4. Check if you pre-qualify
Many issuers let you pre-qualify online for their cards with a soft credit check that doesn’t affect your score. This helps estimate your approval odds.
5. Formally apply
When ready, formally apply by submitting your personal information, income, employment history, and social security number so the issuer can do a hard inquiry on your credit.
6. Get approved
If approved, you will receive confirmation by email or postal mail. You can then activate your card when it arrives and begin using it immediately.
7. Read all terms
Carefully review the cardmember agreement detailing APRs, fees, policies, and rewards programs so you understand how to properly use the card.
8. Activate benefits
Activate and use any benefits that come with your new card, like rewards programs, travel insurance, purchase protection, or other valuable perks and services.
9. Set up online account access
Log into your issuer’s website or app to access your account, make payments, review transactions, redeem rewards, and more.
10. Use responsibly
Use your new credit card wisely by paying balances on time and in full each month. Enjoy the perks and convenience, but avoid unnecessary debt.
Following these steps will help you find and obtain the ideal credit card tailored to your financial situation and spending needs. Be sure to use your new card prudently by paying off monthly balances and avoiding high-interest costs. Enjoy access to credit along with rewards and other benefits that make your credit card truly valuable.
Pros and Cons of Credit Cards
Credit cards can be very useful financial tools when used responsibly. However, there are also risks to be aware of. Here are some key pros and cons of using a credit card:
Build credit history
Responsible credit card use is an effective way to build a strong credit score, which is important for obtaining loans and qualifying for the best interest rates.
Credit cards eliminate the need to carry cash and provide a payment option accepted by millions of vendors. Cards can also be used easily for online, phone, and mail purchases.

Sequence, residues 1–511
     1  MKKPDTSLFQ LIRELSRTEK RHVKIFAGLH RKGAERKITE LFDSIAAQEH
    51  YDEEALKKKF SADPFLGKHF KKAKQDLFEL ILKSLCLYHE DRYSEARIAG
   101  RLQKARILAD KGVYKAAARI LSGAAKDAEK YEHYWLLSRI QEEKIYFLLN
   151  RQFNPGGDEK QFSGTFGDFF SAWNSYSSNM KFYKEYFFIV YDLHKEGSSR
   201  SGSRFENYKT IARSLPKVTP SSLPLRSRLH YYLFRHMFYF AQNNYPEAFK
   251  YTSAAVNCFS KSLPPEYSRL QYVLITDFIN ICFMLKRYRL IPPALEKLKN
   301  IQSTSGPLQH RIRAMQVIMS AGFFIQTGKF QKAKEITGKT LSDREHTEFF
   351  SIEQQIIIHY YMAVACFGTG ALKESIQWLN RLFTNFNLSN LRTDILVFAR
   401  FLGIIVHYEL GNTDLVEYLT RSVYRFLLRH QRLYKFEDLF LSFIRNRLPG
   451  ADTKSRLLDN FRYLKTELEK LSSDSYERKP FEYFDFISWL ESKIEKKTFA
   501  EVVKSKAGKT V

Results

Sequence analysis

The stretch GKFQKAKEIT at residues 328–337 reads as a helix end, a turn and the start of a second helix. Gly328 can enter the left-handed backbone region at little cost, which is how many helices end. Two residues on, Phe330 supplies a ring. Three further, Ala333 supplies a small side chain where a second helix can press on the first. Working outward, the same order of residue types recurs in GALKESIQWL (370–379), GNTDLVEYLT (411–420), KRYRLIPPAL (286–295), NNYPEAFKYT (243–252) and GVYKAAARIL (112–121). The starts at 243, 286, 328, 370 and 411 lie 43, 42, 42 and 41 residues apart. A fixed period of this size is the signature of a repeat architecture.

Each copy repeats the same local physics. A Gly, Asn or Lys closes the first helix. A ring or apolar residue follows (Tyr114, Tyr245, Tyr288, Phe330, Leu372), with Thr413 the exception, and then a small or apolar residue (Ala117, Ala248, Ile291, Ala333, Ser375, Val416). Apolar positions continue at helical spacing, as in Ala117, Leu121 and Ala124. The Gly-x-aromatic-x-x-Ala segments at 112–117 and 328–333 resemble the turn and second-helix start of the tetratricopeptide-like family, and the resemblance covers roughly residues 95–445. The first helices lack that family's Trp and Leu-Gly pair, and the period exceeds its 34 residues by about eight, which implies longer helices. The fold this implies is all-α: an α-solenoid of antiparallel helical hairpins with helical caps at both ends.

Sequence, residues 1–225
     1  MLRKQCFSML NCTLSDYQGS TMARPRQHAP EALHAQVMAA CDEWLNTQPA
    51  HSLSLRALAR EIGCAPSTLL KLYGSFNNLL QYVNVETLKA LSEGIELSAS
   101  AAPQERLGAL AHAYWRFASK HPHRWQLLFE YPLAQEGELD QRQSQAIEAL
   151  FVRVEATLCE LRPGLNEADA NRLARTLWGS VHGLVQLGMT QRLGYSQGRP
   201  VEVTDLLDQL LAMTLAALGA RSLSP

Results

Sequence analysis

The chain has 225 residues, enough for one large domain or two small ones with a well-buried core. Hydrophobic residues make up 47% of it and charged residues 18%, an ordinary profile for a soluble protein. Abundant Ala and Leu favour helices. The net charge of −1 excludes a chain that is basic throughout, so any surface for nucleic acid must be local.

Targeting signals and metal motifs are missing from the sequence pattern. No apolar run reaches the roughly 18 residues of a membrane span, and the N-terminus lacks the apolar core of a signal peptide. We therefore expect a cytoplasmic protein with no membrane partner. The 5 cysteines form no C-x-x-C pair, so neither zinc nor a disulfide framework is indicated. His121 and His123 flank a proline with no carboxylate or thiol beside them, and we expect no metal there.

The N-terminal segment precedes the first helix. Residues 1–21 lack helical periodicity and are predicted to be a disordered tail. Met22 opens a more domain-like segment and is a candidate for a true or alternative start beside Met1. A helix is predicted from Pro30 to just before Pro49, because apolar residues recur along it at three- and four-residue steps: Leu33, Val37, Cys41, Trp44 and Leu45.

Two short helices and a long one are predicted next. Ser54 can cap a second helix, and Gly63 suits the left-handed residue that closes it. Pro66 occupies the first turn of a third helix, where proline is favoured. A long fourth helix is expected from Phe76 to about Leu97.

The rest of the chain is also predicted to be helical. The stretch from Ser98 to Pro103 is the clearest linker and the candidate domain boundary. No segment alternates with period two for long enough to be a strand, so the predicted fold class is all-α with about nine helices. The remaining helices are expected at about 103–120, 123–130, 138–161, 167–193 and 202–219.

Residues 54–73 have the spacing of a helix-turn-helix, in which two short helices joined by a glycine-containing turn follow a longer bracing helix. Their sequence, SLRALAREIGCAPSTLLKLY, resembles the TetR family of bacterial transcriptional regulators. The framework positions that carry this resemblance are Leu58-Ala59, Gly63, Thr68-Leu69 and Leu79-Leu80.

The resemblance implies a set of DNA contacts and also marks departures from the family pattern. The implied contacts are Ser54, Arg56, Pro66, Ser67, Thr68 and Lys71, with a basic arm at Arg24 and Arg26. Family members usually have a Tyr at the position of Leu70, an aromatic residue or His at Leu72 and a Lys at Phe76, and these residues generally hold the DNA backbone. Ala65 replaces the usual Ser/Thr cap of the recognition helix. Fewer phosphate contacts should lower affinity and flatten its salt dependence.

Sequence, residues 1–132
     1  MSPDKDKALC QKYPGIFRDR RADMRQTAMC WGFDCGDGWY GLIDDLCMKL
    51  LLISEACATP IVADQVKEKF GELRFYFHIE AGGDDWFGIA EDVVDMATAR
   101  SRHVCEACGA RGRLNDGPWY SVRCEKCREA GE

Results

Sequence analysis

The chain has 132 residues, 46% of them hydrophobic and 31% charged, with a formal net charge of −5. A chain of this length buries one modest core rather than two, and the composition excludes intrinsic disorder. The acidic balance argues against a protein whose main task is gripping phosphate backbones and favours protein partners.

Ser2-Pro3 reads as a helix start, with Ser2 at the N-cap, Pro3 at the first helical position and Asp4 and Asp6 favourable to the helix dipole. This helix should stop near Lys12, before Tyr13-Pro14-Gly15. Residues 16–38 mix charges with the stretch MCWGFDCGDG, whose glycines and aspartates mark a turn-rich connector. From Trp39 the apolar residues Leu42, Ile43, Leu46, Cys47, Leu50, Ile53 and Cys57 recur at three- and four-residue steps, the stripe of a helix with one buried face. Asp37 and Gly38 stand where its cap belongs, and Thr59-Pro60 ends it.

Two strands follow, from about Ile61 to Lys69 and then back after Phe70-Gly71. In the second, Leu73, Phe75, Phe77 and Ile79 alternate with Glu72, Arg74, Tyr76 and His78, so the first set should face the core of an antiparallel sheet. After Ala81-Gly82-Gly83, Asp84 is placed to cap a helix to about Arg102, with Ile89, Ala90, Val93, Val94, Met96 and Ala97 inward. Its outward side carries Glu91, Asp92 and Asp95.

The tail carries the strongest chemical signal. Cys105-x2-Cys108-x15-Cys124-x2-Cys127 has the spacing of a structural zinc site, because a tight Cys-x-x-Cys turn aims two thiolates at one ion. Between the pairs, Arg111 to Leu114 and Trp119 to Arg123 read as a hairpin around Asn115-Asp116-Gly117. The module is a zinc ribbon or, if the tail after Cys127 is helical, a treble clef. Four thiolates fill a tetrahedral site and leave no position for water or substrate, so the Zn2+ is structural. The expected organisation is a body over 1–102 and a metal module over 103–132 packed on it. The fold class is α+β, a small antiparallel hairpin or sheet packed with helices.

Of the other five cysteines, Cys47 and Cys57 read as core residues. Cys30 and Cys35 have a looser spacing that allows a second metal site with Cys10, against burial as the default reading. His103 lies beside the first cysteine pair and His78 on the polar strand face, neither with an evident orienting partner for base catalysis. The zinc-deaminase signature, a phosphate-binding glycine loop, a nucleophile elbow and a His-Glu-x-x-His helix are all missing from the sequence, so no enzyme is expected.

Credit cards provide stronger fraud and purchase protections than debit cards and cash. Issuers will often refund fraudulent charges, for example.
Many cards offer potentially lucrative rewards like cash back, miles, or points on purchases. Valuable perks like purchase insurance may also be included.
Short term loans
In a pinch, credit cards allow you to access short-term financing for unexpected expenses. 0% APR deals provide interest-free financing for a limited time.
Credit card APRs are usually much higher than other financing options like personal loans or mortgages. It’s critical to pay balances off each month.
Penalties and fees
Late payments, going over your credit limit, cash advances, foreign transactions, and other mishaps can lead to expensive fees. Interest continues accumulating on unpaid balances each month.
Relying on credit cards as long-term financing can lead to significantly high interest-rate debt accumulation. It’s best to pay off balances monthly.
Credit cards inherently carry a higher risk of fraudulent use and theft compared to cash or debit cards. It’s important to monitor statements closely for unauthorized charges.
Studies show people tend to spend more when using credit instead of cash. The rewards, convenience, and lack of immediate payment can lead to overspending.
Tips for Responsible Credit Card Use
Using credit cards wisely is key to maximizing the benefits while avoiding the pitfalls. Here are some tips for being a responsible credit cardholder:
Pay off balances in full each month
The best practice is to pay your balance on time and in full monthly to avoid interest charges. Set up autopay to ensure you never miss a payment.
Stay under 30% of your credit limit
Using more than 30% of your available credit can hurt your credit score, so stay far below the limit.
Read terms and make payments carefully
Be sure you understand interest rates, fees, and policies before signing up for a card. Review statements closely and pay on time.